As a middle schooler, Ashley Sotelo was following an all too familiar path. Her brothers skirted in and out of trouble. Her parents, who had little education, struggled to make ends meet. And Sotelo and her friends just drifted.
“I thought maybe smoking weed was cool,” said Sotelo. “I hung out with the wrong crowd.”
By the time she was in the seventh grade, her two older brothers had dropped out of school, headed toward gang life.
“The word college had never been spoken in my house,” Sotelo said.
But Sotelo saw something beyond the limited prescriptions society seemed to offer. She knew she could do better, but didn’t know how.
Then she met Ellen Febonio, a teacher at Fitz Intermediate School in Fountain Valley and coordinator of the school’s AVID program, which is designed to help underachieving students with high academic potential turn around their performance and pursue higher education.
The teacher knew of Sotelo’s brothers and their checkered history.
“She said, ‘I’m not going to judge you,’” Sotelo said she was told by the teacher, who became a mentor and a steadying presence in her life.
Febonio said Sotelo came to her as a seventh-grader, a year before she would even be eligible for AVID.
The teacher made the student jump through all the hoops, the paperwork and transcripts. Sotelo never missed a beat.
“She did everything and then some,” Febonio said. “She had a conviction that she needed to be different from her family to break the cycle. She was determined. She had the ID part of AVID.”
It was at an interview required to enter the program that Febonio uttered the sentence about not judging her that resonated with Sotelo.
“I remember saying that,” Febonio said. “I had no idea it was a seminal moment.”
However, there was no magic potion. Sotelo’s family continued to struggle and there was always drama.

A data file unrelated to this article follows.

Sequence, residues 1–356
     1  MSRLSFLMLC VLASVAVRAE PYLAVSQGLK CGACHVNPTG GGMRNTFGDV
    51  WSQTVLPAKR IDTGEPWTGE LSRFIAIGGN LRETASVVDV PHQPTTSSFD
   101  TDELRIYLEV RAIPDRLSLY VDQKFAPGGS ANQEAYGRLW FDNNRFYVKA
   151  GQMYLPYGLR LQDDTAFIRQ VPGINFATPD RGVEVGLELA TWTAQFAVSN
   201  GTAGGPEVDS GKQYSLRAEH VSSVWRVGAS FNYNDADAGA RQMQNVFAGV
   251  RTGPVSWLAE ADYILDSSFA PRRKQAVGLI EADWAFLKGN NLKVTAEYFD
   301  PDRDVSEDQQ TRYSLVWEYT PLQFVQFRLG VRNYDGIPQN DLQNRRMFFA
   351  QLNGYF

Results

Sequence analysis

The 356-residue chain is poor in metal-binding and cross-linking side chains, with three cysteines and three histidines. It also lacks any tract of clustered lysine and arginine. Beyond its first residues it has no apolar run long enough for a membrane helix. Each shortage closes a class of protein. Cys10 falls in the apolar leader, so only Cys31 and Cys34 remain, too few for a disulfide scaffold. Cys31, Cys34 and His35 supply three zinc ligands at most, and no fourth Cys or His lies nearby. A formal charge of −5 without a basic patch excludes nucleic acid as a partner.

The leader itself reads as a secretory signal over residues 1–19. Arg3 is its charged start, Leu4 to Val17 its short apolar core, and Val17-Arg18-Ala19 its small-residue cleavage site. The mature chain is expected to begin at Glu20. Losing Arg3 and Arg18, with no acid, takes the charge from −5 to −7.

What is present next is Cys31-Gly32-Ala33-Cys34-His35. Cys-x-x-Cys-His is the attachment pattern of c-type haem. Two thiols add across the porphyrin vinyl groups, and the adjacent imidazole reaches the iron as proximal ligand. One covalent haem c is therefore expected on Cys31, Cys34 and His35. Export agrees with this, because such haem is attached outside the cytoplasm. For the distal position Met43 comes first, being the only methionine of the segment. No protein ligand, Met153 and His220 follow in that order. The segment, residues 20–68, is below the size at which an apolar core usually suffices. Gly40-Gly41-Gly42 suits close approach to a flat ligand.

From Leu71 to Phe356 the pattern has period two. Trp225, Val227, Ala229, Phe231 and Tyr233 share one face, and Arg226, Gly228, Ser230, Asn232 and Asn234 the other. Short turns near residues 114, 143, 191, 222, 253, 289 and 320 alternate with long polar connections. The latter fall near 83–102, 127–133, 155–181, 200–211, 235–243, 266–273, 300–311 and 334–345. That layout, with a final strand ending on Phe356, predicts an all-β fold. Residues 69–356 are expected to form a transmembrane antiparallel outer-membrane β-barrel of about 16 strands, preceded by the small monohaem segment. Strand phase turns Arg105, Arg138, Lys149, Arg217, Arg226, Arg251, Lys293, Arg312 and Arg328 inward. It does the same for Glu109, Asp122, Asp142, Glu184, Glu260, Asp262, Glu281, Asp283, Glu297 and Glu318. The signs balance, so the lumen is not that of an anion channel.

In her sophomore year at Los Amigos High, Sotelo’s father, Arturo, was deported to Mexico. Her brothers continued to use drugs and were in and out of jail and the house, she said.
Her mom, Rosalda, had to work three jobs and rented out two of the three bedrooms in the family home, one to an aunt and one to a stranger.
Then in her junior year, Sotelo’s oldest brother, Kevin, died in an altercation with a rival gang. Her other brother, Kaeri, was in jail at the time. When he got out, the family took him to Mexico to prevent him from seeking revenge or becoming another target.
The only way Sotelo knew to get through it all was to turn inward.
“I decided I would just focus on school, ” she said. “I kind of isolated myself from my family.”
Sotelo found her refuge in school. And it was there she excelled. Sotelo has a 4.2 grade-point average. She ran track for three years, was active in AVID and Latino Unidos.
And she studied.
She just graduated from Los Amigos and will attend UCLA in the fall.
Jared Fulton, an assistant principal at Los Amigos, marvels at how Sotelo has been able to separate herself from her family struggles and drama.
“She put her focus in a positive direction,” he said. ” She really is a role model for students. She’s open, she honest and she’s passionate.”
According to Febonio, Kaeri Sotelo makes it a point to make it to his sister’s events and is proud of his little sister. Being the first in her family to go to college means a lot to Ashley Sotelo.
“It means I’m no longer a stereotype. I’m not a statistic of minorities failing,” she said. “I want to change myself and help other who grow up in similar circumstances.”
Sotelo hopes to study psychology at UCLA. And she says, her goal after that is to help her parents.
“I hope in the future to make enough to provide for them,” she said. “I want them to rest.”